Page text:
- Th, 18.06.2015 00:00 – Sa, 20.06.2015 00:00
- Manfred Lein (U Hannover), Stefan Krückeberg (DFG, Bonn)
- Physikzentrum Bad Honnef
Hauptstr. 5, 53604 Bad Honnef, Germany
After several decades of laser development, we now witness the emerging capability to generate waveforms of light that are tailored at the level of the instantaneous electric field on a subfemtosecond time scale (1 femtosecond = 10-15 seconds) and with arbitrary polarization. Unlike the multi-cycle averaged effect of conventional laser pulses, these new waveforms can exert controlled instantaneous forces in arbitrary direction. The physics and chemistry of quantum systems in the presence of strong tailored light are the central theme of this Priority Programme. Typical laser intensities are in the range from 10 TW/cm2 to 1 PW/cm2 which means the applied field strength is comparable to the inner-atomic forces but mild enough to avoid immediate destruction of the target systems.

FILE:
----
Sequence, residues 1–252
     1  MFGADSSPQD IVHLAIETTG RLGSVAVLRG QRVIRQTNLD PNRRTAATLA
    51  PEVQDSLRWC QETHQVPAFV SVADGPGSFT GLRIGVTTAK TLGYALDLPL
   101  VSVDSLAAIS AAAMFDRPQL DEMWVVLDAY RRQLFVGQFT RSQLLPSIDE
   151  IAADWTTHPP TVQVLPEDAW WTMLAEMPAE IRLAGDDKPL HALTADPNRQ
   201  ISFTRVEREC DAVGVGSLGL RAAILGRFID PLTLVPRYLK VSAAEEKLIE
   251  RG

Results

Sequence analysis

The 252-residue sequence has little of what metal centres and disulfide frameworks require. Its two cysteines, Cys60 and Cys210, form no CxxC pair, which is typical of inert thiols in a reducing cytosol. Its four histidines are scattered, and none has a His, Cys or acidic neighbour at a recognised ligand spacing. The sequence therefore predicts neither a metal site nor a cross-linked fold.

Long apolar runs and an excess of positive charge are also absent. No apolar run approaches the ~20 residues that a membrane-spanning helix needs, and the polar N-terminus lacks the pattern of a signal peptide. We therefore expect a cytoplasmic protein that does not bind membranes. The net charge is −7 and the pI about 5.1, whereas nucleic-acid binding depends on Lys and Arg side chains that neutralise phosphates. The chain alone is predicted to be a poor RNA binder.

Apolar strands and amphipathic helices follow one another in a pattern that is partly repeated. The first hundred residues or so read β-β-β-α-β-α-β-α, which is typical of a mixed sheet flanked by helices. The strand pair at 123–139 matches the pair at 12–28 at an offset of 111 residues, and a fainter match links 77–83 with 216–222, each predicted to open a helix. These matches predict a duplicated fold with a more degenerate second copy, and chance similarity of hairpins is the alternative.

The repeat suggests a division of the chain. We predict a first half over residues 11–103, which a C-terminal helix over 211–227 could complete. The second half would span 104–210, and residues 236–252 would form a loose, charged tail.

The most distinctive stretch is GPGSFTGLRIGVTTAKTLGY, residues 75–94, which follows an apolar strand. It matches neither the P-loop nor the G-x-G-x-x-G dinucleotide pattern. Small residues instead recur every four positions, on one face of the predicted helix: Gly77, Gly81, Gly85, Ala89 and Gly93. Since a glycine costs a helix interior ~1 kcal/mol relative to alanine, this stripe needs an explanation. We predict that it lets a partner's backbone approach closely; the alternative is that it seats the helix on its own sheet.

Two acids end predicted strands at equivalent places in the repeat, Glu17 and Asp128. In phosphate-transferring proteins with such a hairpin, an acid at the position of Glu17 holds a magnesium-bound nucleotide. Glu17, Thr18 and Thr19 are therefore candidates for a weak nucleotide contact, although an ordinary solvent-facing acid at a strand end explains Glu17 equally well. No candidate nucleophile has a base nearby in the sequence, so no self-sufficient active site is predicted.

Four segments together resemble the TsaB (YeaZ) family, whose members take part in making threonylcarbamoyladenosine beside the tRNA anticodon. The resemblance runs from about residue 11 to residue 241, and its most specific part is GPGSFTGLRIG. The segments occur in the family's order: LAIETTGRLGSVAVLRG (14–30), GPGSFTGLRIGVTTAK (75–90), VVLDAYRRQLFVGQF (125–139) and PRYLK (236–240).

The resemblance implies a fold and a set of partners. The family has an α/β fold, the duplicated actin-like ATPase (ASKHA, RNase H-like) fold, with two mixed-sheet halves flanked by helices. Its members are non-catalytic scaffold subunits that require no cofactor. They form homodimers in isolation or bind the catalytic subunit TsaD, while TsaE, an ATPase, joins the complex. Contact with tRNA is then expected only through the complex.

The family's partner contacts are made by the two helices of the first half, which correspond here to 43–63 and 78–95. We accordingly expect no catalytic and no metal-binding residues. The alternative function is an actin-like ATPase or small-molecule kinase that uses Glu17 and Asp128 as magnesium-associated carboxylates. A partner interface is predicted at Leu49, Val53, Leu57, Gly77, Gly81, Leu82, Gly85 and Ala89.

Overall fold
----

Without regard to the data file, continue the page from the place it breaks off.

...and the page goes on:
By tailoring fields with sub-cycle and sub-femtosecond precision to electronic and nuclear dynamics, they provide access to attosecond chemistry and physics (1 attosecond = 10-18 seconds). For example, attosecond pulses generated from strong-field interactions via high-harmonic generation can probe directly the temporal evolution of quantum systems with unprecedented speed. Photons, electrons and ions are emitted from irradiated systems and carry the information about microscopic dynamics. This information is often encoded in a non-obvious manner, requiring careful modelling of the underlying phenomena.
This six-year Priority Programme is funded by the German Research Foundation DFG in two phases with phase 1 beginning in 2015 and phase 2 beginning in 2018. It brings together physicists and chemists based in Germany to fully exploit the potential of the new laser sources. In this programme, we answer fundamental questions in atomic physics, we investigate molecular physics in strong controlled fields, we establish new applications in ultrafast chemistry and extend strong-field quantum dynamics to new media.